Imperial Brands’ hiring of an expert in the field of medicinal cannabis to its board is one of the more interesting business stories to have emerged in recent weeks.
Simon Langelier, who has joined as a non-executive director, is the chairman of PharmaCielo, a supplier of medicinal grade cannabis oil extracts.
Significantly, during his 30-year career at rival tobacco outfit Philip Morris (despite the name, Imps is a tobacco company), Mr Langelier headed up next generation products. Can you see where this is going?
Could the next step be the launch of Imperial Spliffs?
Of course, I jest. But while Imps would probably never admit to this, there is a reason it changed its name from Imperial Tobacco: the latter is no longer a respectable product, at least not in the West.
It is heavily taxed. Restrictions on how it is sold are becoming progressively tighter. So are the restrictions on where it can be smoked.
It is years since sports events were allowed to carry tobacco branding, and Hollywood heroes no long partake of it on the silver screen. Watch the original Ghostbusters, and then the recent reboot. The gender of the fictional heroes isn’t the only difference between the two.
Faced with that, big tobacco turned to the developing world, but speak to Action on Smoking & Health (ASH) and you'll learn that regulations there are tightening, albeit not as quickly as the organisation would like, while taxes are rising. Money has also been made available to help with the drafting and enforcement of new regulations through the World Health Organisation. Bloomberg kicked in a substantial sum towards that end a while back.
As such, it makes sense for companies in the sector to investigate new revenue streams. Research into the medical uses of marijuana has gradually increased, and political resistance has slowly (our youth will all become drug addicts if we allow it!) been breaking down. Could Imps’ move ultimately lead to something for shareholders to put in their pipes and smoke? With the obvious next step being recreational use?
I admit to speculating wildly here, but we’re talking about a smokable product after all, and while liberalisation for purposes other than medicinal has proved to be highly controversial, it is beginning to happen.
Uruguay has it. Certain US states, largely in the country’s west, have also moved in that direction. There are tax revenues to be had, not to mention the benefits of taking an industry away from criminals. Now, just think about what might happen if tobacco company lobbying cash, and I mean serious lobbying cash, was put behind getting those points across.
Over here, British politicians are too scared of the Daily Mail to contemplate anything like it at the moment, despite what many of them got up to while they were at university (some even admit to inhaling). The Liberal Democrats made a (rather sensible) manifesto commitment to raise £1bn plus through taxing and regulating it, but their influence is limited right now.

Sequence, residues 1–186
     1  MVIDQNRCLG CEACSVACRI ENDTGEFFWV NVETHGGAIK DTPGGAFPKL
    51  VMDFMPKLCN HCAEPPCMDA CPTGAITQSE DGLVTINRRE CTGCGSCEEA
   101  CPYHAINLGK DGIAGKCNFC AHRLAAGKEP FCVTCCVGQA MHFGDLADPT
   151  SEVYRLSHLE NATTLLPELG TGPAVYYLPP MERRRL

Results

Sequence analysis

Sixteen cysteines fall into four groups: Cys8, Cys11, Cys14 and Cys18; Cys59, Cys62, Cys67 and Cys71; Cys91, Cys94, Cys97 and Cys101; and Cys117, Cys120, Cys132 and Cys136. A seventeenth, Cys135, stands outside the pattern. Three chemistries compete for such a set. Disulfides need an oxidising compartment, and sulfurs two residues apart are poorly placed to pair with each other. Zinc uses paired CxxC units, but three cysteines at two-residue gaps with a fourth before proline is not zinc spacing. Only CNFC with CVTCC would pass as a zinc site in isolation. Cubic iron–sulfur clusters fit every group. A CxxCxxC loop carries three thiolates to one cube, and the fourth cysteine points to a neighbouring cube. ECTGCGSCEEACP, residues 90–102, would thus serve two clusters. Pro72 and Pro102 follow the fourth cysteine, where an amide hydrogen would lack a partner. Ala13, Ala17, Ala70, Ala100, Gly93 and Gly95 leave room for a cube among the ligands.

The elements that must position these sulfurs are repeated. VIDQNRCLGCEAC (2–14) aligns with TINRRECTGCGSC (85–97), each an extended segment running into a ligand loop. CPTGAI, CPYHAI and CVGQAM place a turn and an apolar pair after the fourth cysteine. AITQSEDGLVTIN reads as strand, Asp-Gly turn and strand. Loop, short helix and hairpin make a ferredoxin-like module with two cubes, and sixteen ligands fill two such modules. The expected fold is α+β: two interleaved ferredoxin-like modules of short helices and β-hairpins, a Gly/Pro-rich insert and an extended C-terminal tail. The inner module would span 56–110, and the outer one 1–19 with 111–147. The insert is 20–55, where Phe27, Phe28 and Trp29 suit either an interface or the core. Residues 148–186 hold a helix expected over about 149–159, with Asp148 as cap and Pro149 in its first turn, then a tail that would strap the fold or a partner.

There are health issues connected with the drug, and it would be foolish to ignore them. Interestingly, however, ASH says the biggest risk with liberalisation is the potential for people to become addicted to tobacco through smoking a combination of the two (the most common method of consumption in Britain).
Of course, that could make for a double win for tobacco companies that get in early! Hence Imperial Spliffs!
But perhaps not. For a start, places where there has been liberalisation have witnessed the rise of tobacco free methods of consumption. Pipes and bongs are just the start of it. Hand me a space cake, would you?
The other big problem for big tobacco? Those who partake of the other weed often tend to be young and liberal minded.
Right now they utilise the black economy because they have no other option. They might not, however, see dealing with the legal big tobacco as all that different.
Hey, Imperial Brands: full marks for trying and looking to the future. Your shareholders will think well of that. But a tobacco company being involved with a medical product? It’s true that British American Tobacco once owned a life insurance company. No, really. Two of them in fact. Allied Dunbar and Eagle Star. But still.
Recreational marijuana is a different matter of course. But you might very well find that even if it is taxed, and regulated, as I think it eventually will, and should be, big tobacco could find the market a tougher one to crack than it might imagine.
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